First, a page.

Worldwide Brand Management (WBM) is a little-known fashion company outside Sweden and one that is today on something of a high: last year saw its biggest ever growth, with sales hitting £60m and profits doubling. It has four stores in its homeland and 12 franchises across Europe. It makes bold, slightly offbeat underwear, casualwear, and accessories in the vein of a Scandinavian Diesel.
Björn Borg, meanwhile, is a rather well-known, one-time tennis champion on something of a low. Or at least he was: divorces and financial woes, international outrage at the idea of selling his Wimbledon trophies and so on are all behind him. WBM is the management behind the Björn Borg men's - and women's - fashion empire, coming to a store near you. Its main product, underwear - colourful, comfortable and, in its skimpiness, giving a new twist on Swedish design minimalism - launches in the UK this spring, with bags and shoes, sunglasses and fragrances, coats, knitwear, sportswear and the rest of the vast collection all set to follow.
Even in an era of celebrity spin-offs, this one is unexpected. "But I was always interested in fashion, even during the days when I was playing," counters the tall, lean, long-haired Björn Borg, looking uncannily like the tall, lean, long-haired Björn Borg who scooped five straight Wimbledon wins between 1976 and 1980 before retiring at just 26. "Admittedly, I was never The Fashion Guy. The way I dressed was always much more simple. And it's strange looking back when people say that I started something in fashion: with the Fila clothing which became a fashion because I wore it, and the headband, which I wore because I had long hair and needed something to keep it out of my eyes, not because I thought it made a statement. All I did was play, practise, eat, sleep. But when I quit professional tennis it did give me the idea to do something in fashion."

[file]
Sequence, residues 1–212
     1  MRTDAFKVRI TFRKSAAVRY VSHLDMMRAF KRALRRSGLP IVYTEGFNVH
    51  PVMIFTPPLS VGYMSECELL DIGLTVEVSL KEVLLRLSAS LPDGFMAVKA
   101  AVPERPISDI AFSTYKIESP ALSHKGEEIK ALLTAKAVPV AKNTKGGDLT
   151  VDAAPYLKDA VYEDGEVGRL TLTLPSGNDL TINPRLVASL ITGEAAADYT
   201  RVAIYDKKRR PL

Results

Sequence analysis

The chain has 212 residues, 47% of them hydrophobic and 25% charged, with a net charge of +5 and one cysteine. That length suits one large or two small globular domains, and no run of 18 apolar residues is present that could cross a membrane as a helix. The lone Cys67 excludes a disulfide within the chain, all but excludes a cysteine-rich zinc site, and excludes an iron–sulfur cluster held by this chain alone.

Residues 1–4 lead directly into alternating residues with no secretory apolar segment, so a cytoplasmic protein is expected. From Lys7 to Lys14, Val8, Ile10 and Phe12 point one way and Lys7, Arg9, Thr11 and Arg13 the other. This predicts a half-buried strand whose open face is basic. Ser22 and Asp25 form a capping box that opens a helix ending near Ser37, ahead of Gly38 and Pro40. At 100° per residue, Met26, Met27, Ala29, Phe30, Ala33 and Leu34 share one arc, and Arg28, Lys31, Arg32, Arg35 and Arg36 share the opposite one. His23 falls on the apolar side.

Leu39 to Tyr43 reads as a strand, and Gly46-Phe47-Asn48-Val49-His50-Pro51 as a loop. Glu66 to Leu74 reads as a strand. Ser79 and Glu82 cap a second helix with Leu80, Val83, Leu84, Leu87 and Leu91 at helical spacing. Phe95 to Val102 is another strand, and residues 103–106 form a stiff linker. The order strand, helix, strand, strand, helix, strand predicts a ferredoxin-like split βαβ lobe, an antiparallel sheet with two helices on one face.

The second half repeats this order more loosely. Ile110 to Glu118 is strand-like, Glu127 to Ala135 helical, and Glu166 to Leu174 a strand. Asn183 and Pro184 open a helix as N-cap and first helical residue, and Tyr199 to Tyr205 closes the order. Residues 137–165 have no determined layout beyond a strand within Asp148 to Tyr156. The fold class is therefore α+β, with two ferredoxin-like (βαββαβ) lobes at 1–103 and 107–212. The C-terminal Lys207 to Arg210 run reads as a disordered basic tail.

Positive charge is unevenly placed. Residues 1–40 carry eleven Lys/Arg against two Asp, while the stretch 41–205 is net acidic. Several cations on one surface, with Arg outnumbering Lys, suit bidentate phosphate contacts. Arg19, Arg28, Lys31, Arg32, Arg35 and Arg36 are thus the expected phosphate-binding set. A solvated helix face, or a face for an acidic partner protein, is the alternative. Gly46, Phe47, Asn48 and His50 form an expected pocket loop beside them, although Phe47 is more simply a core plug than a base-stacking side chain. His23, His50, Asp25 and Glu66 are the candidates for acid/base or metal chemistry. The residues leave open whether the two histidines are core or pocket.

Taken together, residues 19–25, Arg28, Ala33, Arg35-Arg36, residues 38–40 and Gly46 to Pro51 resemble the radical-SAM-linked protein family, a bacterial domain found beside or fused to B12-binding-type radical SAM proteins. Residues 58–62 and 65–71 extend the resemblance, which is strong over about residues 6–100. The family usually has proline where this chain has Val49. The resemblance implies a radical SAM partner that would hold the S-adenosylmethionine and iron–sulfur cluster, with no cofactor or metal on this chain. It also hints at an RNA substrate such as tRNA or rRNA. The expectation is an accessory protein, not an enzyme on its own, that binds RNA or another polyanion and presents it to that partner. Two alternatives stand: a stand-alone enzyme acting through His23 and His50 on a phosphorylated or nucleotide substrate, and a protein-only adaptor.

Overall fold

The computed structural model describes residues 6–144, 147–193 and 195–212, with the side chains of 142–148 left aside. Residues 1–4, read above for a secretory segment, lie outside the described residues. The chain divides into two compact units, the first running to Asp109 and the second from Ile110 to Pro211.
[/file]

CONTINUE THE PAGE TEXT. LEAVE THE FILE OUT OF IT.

That he did. The tale has not been without its business ups and downs but the Björn Borg fashion brand is a big seller in 12 countries across Europe, huge in Sweden, as one might expect, but bigger still in Holland. "Why, I don't know. They must just like what we do," says Borg. "It was easier to get going in Sweden, of course. But even there it took time for people to trust the brand. You can't get away with something that's not good quality or design and just stick your name on it. Having the name just makes you more of a target."
The name helps to sell his pants, of course. By his own admission, Borg is no fashion designer. He takes control of the company's sportswear lines - an area in which, he says, "I have a lot of experience and know what people want and how things should fit" - while offering his strong opinion on the more fashion-forward lines. "And now I only wear my own clothes. It's all I wear. But that's important - who wants to stand for something they don't like?" he says. But the Hollywood-cum-Stockholm persona helps more - Borg picked up a special prize at the recent BBC Sports Personality of the Year Awards and this, after all, is the man who had the balls to return to the professional tennis circuit in 1991 and insist on still using a wooden racket. He was blown off the court, but what a statement.